Dr Seb Gray | Dr Katie Knight | Dr Kim Sykes

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If you have ever been involved in a case of asthma so severe the child ended up intubated, apologies for any unpleasant flashbacks as you read this..! Despite advances in the understanding and treatment of asthma, it is still a massive public health burden. Between 2 – 12% of the population have asthma and every year 12-27 children under the age of 14 die during an acute asthma exacerbation. Critically unwell asthmatics, not responding to a boat-load of bronchodilators and getting worse before your eyes, are one of the most pant wettingly scary scenarios we see in acute paediatrics. Ventilation (the last resort in status asthmaticus) is never taken lightly – it can be extremely challenging and comes with major risks (4).

To really understand ventilation strategies, you need to appreciate some pathophysiology.

In severe asthma, the bronchioles are narrower thanks to the combined nasties of bronchoconstriction and mucosal thickening. Top this off with mucus plugging, and you end up with areas of lung which are perfused normally but no gas exchange is going on – aka V/Q mismatch (4). Hypoxia and rising CO2 make you hyperventilate in an attempt to blow off CO2, which sets off a respiratory alkalosis. But even with a prolonged expiratory phase, airway obstruction prevents the alveoli from emptying – that CO2 is stuck in the alveoli, gets absorbed into the bloodstream and the pH falls.

Here’s a graph which looks like a fish

Figure 1: ‘Fish’ diagram showing how pH, PaO2 and PaCO2 change with increasing airway obstruction. PaCO2 initially falls with rise in pH. As decompensation occurs, the PaCO2 continues rising and pH continues to fall. PaO2 gradually falls with increasing obstruction.

When there is more resistance to expiration, the end-expiratory pressure in the alveoli shoots up – this is known as auto-PEEP. Air can only flow inwards when this high PEEP is overcome. In normal circumstances (i.e. not in the acute asthmatic), the respiratory muscles would just work harder to compensate. But after huffing and puffing for hours, an asthmatic child just doesn’t have the energy to keep the respiratory muscles working so hard.

Another issue in severe asthma is dynamic hyperinflation – this is when each expired breath is so prolonged (because of airway resistance) that the next breath ‘interrupts’ the previous one, and so the tidal volume can never be fully expired. This leads to air trapping or ‘breath stacking’. A hyperexpanded chest is not an efficient one, and respiratory muscles soon get tired. At this point you are heading towards a doomed spiral around the black hole of respiratory failure.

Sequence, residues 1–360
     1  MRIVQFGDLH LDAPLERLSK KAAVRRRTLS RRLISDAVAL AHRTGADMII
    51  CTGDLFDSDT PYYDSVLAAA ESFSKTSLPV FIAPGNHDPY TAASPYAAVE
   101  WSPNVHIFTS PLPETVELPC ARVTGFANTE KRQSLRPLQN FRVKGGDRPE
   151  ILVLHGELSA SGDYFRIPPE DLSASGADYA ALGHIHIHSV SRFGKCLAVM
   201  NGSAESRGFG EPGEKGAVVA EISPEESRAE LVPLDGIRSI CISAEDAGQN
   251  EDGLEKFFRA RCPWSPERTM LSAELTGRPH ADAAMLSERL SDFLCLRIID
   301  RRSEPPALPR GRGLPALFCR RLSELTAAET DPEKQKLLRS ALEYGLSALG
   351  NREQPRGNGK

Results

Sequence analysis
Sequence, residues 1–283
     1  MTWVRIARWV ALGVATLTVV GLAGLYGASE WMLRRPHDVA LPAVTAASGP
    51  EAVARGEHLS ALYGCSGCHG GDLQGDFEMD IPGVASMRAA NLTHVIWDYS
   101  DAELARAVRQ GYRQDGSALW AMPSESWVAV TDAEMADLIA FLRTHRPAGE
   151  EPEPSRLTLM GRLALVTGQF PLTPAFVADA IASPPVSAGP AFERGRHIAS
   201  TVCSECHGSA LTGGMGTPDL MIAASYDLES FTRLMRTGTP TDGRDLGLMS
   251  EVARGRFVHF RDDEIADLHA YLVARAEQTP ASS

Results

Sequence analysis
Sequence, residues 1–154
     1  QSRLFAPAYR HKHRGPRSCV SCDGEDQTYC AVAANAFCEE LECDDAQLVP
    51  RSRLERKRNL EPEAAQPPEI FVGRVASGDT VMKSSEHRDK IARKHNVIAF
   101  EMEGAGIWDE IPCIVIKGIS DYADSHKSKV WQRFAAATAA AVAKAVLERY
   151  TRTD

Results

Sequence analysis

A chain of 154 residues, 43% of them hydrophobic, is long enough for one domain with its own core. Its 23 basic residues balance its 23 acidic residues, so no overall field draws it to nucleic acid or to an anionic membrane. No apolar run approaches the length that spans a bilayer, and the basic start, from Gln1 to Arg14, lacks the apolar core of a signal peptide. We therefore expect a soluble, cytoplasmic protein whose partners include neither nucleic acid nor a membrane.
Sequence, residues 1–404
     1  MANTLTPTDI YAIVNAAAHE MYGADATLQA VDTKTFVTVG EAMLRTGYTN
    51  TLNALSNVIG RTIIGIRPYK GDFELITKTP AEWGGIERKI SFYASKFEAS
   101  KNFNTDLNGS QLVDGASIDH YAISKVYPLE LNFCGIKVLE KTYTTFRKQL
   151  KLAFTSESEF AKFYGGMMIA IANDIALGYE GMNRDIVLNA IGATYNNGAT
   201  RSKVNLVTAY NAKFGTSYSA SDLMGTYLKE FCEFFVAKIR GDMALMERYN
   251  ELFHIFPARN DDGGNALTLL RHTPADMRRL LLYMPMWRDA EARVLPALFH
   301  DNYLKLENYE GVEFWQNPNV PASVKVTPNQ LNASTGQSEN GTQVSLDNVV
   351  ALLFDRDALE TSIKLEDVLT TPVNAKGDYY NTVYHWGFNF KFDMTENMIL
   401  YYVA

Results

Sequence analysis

Obviously, we want to prevent asthmatics ever getting to the point of intubation. But when it comes to the crunch, we need to know the best strategy for safely ventilating this group of patients.

We did a literature review based on these searches:

  1. Asthma* AND
  2. P?ediatric* OR child* AND
  3. Ventilat*


Indications for intubation

Deciding to mechanically ventilate an asthmatic is a really big deal. Obviously it’s important to prevent severe hypoxia, but the actual process of intubation itself can cause more bronchoconstriction, worsening airway obstruction and increasing CO2. Unsurprisingly, asthmatics who are intubated have better outcomes if the intubation is done semi-electively, before there is complete collapse or arrest (19).

Exactly when to intubate is a clinical judgement based on various factors (see below) (13,14) and a bit of witchcraft, but the most important thing you are going to do is rapidly escalate management as soon as it is clear that things are going downhill (…in other words, don’t wait for the arrest to make the decision for you).

Indicators for mechanically ventilating children with acute severe asthma
Very severe respiratory distress & inability to speak* (despite maximal treatment)
Altered mental state/ falling Glasgow Coma Score (GCS)
Hypoxaemia* (despite delivering high concentration of O2)
Increasing hypercapnia* (despite maximal treatment)
Cardio-respiratory arrest